In an effort to kill all the germs in the house and clean out the camping dirt, I launder every last one of our sheets, linens and sleeping bags. Corral the missing pillowcase pairs and fold into packages for storing. Domestic hysteria, I thought, but in truth, what I’d wanted to do after all the choas of travel was perhaps better accomplished with bedding: cleaned, sorted, tidied. Thread counts promising what words cannot. It's what I'm hoping the slower days of fall will bring. 

These words, spoken by President Obama, “Even the smallest act of service, the simplest act of kindness, is a way to honor those we lost, a way to reclaim that spirit of unity that followed 9/11.”

This, too, from Laura Ingalls Wilder: “It is the sweet, simple things of life which are the real ones after all.”

This week's project: charitable words. Mercy. Small kindness. Today it seems especially poignant to remember those words. To enjoy the sweetness of a crisp, fall apple. To feel the sun on my face. To enjoy the fleeting, fragility of life. 

Soon, fall. Jacket's for the morning walk to school. Afternoon bike rides. 

We’re ready.

Saturday, August 25, 2018

A Nokabes Birthday Letter

Dear Violet,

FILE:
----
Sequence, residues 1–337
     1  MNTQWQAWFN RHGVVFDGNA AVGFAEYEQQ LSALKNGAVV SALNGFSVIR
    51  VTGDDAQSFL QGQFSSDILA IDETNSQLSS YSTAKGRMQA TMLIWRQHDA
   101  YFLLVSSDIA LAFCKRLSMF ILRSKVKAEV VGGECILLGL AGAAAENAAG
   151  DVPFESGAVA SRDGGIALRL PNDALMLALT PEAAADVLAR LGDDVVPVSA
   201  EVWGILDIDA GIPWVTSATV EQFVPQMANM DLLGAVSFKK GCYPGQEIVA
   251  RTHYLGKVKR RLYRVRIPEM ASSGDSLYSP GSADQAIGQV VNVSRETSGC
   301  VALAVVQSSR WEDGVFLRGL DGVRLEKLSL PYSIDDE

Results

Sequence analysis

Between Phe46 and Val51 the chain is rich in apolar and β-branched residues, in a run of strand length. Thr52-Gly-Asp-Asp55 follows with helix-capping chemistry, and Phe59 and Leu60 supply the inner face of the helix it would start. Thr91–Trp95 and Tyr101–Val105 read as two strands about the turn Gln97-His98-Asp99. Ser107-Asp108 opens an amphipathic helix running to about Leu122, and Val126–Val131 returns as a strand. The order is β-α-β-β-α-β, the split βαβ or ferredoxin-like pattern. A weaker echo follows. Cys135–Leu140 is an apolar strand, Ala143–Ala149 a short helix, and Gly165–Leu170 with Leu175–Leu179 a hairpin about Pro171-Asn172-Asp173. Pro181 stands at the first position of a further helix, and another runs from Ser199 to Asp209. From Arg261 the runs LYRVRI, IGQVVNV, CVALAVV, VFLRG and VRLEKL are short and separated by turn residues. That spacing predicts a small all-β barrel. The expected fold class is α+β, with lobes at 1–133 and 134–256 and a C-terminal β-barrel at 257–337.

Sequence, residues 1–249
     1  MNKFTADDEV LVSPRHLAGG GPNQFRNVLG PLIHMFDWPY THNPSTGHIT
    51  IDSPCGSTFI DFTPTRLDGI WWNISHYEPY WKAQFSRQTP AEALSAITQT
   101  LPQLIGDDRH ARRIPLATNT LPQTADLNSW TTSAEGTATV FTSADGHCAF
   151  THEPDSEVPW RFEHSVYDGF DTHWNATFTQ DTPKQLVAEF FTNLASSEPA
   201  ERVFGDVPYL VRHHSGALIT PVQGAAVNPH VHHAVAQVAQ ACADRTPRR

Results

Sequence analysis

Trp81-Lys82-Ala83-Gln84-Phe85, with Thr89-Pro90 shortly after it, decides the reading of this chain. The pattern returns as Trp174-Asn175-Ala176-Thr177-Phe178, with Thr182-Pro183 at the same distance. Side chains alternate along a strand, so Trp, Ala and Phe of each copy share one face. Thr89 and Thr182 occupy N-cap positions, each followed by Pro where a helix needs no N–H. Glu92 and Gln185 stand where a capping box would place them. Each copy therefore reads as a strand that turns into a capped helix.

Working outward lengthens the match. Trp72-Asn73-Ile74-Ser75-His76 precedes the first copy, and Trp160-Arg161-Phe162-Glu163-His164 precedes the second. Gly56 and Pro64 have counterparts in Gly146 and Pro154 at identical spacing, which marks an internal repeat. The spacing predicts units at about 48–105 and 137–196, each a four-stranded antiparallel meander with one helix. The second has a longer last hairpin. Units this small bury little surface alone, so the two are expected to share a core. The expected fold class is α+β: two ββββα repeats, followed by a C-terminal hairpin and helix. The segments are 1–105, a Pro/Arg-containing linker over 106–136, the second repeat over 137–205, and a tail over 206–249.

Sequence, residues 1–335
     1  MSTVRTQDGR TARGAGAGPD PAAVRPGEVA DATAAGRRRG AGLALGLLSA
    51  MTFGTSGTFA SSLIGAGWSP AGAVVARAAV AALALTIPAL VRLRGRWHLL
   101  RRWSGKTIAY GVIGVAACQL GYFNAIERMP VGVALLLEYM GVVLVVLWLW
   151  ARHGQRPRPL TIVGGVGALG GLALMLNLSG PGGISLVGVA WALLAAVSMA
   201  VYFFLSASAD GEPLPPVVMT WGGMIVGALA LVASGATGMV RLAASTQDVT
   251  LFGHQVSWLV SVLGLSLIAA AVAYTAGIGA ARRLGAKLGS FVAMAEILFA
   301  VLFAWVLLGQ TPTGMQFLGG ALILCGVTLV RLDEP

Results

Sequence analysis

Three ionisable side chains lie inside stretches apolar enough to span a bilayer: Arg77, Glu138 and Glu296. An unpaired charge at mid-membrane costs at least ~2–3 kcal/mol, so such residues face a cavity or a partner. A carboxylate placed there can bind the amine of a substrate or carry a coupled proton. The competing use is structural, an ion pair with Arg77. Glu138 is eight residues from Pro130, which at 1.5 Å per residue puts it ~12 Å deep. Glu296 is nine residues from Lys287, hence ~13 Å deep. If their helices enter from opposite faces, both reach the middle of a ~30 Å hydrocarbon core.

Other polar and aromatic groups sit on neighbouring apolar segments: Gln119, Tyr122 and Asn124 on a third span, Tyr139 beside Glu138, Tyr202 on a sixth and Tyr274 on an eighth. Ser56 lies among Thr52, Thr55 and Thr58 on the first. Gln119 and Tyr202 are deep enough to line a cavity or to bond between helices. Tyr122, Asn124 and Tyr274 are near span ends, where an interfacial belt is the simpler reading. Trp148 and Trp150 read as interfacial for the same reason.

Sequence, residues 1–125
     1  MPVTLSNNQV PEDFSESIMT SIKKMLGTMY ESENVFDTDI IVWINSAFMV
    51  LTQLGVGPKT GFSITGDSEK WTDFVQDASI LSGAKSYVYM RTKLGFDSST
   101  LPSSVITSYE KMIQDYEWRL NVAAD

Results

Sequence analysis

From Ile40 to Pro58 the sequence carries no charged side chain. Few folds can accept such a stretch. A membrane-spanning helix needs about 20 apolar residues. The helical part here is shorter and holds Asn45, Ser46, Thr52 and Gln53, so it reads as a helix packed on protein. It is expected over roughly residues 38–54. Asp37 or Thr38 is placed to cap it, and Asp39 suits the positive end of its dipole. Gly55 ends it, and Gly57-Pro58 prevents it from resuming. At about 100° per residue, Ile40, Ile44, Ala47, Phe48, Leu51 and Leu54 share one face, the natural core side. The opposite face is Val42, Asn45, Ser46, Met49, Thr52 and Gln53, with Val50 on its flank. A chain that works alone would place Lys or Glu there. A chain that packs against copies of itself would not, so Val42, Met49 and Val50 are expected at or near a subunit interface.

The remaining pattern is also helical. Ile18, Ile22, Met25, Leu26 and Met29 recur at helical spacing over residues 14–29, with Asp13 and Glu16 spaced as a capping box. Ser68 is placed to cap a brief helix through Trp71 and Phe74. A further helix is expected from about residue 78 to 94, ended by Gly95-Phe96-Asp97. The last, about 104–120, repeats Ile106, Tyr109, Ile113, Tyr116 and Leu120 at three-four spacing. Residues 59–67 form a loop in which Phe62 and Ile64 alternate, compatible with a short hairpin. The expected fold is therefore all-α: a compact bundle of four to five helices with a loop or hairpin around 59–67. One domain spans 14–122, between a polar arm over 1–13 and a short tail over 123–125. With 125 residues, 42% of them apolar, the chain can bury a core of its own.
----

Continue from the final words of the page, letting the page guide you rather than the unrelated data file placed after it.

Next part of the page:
Over the past few weeks as I have been thinking about your birthday letter my mind has been ticking boxes for all the things you are learning and doing - all the moments I so desperately want to document in your letters, locking them away into a virtual time capsule of sorts. You can swim. Diving for rings and sticks and whatever else falls to the bottom of the pool. Cannonballs and side breathing. Check. You know most of your letters and their sounds (and when in doubt, you say H). Check. You can write and recognize your own name. Check. You carry on long-winded conversations about your day. Check. You draw and recognize shapes. Check. You ride your bike and hike for miles at a time. Check. You can hop on one foot, do a summersault and catch a ball. Check. You love fully, hug fiercely and can be wildly stubborn. Check, check, check.
Checks of achievement, sure, but also checks on an ever-growing to-do list of growing up. Sometimes I get locked into that soundtrack that is ever present in our days together. How can we do better? How can we do more, work harder, push further?

In high school I started long-distance running and cross country requires year round training. This is a grueling sport, but one that taught me the benefits of hard, honest work. There are no shortcuts when you are distance running, only running flats, pony-tails and gatorade. No bad referee calls or tech suits. In running, it’s your mind and your sweat and your soul and maybe a pot hole or an elbow dig along the way.
My junior year of high school my cross-country team won our regional championships and placed second in the state. Our coach used a Hawaiian pidgin word, nokabes, throughout that season. He wrote it on 3x5 index cards he gave us before all our big meets with other motivational quotes and words of encouragement. He shouted nokabes at us as we ran past him on the racing course, and reminded us of the word before training runs and track practices. It became part of our daily vernacular. Loosely translated, the word nokabes means “the very best.”